Anglers, Communities Upset with Short Snapper Season
Friday, May 19, 2017
The old axiom that the more things change, the more they stay the same is certainly true when it comes to the fiasco that has become the red snapper season in the Gulf of Mexico.
NOAA (National Oceanic and Atmospheric Administration) Fisheries has announced that the private recreational red snapper season in federal waters would last a whopping 72 HOURS. That's right three whole days from June 1 through June 3. Because of sector separation, which withstood a court challenge earlier this year, the charter industry will be able to fish 49 days, starting June 1.
One of the most extensive artificial reef systems in the world, about 1,030 square miles, sits just off the Alabama Coast. Those reefs produce unparalleled fishing for species like red snapper. Alabama Department of Conservation and Natural Resources (ADCNR) Commissioner N. Gunter Guy Jr. made a particularly salient point in a news release recently about the season.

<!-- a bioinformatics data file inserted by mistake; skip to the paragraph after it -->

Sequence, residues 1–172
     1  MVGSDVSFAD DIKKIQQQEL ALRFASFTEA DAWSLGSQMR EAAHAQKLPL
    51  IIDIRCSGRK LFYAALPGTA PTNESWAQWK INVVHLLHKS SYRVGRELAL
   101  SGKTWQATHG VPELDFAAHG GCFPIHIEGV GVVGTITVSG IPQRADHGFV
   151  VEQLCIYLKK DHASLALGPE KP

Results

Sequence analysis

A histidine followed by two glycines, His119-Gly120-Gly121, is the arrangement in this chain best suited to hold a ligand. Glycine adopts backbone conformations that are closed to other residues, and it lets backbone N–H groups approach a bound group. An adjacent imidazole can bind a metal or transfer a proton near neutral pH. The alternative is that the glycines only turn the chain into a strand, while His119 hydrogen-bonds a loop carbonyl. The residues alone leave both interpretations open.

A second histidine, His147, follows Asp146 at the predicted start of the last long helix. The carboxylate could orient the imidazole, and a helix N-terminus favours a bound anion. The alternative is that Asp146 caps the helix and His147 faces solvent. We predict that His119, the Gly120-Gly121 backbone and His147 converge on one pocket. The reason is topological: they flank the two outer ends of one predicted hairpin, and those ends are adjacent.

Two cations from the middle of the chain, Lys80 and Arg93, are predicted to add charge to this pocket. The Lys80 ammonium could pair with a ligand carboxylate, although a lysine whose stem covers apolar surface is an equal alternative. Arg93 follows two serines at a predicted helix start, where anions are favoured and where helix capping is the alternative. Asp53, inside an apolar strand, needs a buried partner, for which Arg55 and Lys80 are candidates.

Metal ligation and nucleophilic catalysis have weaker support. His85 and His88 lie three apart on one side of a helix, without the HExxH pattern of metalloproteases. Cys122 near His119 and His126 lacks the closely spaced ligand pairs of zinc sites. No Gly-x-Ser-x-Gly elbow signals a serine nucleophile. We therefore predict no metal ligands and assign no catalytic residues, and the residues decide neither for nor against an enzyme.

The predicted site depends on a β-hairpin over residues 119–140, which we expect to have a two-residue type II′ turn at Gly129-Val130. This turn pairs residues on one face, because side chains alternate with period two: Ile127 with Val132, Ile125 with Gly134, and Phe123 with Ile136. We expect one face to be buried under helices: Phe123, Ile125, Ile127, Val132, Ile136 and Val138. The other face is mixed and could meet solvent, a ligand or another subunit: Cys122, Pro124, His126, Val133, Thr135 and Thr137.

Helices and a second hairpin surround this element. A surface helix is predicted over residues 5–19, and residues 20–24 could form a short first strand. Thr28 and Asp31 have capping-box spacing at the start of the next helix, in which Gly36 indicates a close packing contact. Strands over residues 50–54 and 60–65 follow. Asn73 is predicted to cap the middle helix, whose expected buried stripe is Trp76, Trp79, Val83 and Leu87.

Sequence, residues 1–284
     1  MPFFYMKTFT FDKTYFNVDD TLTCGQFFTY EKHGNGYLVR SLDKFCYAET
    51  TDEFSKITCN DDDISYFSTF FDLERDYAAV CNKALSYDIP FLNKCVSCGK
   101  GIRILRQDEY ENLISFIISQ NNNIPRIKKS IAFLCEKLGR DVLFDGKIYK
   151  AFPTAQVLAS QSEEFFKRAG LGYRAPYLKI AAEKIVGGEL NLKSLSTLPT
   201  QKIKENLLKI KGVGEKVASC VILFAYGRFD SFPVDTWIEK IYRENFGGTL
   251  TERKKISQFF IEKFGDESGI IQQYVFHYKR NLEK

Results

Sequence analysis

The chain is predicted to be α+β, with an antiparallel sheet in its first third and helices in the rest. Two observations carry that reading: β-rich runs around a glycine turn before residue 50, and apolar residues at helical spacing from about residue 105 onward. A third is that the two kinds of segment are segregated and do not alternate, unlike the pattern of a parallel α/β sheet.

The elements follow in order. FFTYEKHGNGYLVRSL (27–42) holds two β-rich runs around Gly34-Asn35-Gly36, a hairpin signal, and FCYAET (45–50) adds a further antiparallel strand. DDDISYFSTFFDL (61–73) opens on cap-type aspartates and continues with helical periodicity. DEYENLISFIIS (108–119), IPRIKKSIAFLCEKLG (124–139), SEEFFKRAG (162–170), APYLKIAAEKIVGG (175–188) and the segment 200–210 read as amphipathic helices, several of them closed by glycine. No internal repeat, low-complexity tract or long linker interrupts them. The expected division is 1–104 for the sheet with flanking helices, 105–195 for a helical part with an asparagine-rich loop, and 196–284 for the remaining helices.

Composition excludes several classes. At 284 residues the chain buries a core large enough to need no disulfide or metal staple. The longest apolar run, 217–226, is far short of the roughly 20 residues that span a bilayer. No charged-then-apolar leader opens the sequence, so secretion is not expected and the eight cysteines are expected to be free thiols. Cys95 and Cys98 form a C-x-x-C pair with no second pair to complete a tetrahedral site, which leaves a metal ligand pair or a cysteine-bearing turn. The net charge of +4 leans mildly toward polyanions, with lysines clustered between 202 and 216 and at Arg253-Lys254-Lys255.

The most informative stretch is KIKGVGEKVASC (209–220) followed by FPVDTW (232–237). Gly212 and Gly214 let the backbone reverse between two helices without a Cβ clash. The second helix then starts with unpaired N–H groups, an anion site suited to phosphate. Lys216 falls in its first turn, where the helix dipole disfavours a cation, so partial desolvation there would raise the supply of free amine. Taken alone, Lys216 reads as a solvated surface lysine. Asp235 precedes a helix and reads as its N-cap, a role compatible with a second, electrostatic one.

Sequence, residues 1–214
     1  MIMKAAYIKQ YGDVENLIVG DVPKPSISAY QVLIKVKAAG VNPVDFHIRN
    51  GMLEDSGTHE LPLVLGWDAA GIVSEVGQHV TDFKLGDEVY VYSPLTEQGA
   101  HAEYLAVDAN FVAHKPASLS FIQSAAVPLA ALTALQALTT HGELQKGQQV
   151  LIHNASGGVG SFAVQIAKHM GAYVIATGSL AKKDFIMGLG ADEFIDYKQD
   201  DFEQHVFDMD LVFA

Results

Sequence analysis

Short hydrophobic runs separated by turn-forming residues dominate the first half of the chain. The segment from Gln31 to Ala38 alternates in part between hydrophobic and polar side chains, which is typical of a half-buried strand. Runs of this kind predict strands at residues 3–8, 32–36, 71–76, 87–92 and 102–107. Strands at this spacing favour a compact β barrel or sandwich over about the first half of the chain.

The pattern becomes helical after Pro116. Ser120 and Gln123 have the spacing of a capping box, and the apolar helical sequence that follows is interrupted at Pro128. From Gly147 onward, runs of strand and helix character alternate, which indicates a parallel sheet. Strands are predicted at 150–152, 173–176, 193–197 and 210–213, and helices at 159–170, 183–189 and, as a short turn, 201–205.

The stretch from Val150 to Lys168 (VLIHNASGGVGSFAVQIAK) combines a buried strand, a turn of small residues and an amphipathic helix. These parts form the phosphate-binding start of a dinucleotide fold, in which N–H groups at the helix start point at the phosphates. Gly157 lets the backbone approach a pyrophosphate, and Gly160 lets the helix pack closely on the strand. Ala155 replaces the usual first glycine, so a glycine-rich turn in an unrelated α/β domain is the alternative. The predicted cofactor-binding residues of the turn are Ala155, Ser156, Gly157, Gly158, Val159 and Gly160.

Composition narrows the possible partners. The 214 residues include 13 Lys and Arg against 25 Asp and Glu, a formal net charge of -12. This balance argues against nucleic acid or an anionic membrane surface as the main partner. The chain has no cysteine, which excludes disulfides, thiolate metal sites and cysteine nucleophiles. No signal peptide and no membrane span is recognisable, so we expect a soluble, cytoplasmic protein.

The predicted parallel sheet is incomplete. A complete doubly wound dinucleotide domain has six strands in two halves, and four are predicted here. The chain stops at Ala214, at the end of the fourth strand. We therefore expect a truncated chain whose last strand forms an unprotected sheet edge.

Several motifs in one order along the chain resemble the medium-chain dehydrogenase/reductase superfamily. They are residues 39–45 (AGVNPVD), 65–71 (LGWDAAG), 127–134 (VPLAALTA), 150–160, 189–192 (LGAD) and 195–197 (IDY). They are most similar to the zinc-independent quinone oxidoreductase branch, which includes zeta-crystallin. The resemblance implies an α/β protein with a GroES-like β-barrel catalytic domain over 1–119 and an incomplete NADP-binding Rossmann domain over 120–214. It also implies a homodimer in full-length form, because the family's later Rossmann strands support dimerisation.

"Alabama has built a great fishery and has worked diligently to rebuild this once overfished species," Commissioner Guy said. "Now that the fishery is rebuilding, we are catching larger fish, and they are so plentiful that we are being penalized for our success."
Orange Beach City Councilman Jeff Boyd has been very active on the red snapper issue, and he considered joining a group of irate anglers in another protest. Some are calling for civil disobedience by catching and keeping red snapper while the federal season is closed.
Boyd said a talk with ADCNR Deputy Commissioner Chris Blankenship changed his mind about the protest.
"Chris and I were in Washington recently to meet with Congressmen and NOAA," Boyd said. "After talking with Chris about the protest, I decided to take a different path. I've already asked the Orange Beach City Council, and I feel sure Gulf Shores will do the same, to send a letter to our members of Congress, a letter to NOAA and a letter to the White House that (NOAA's red snapper) count is wrong and to give us the benefit of the doubt so that we can fish."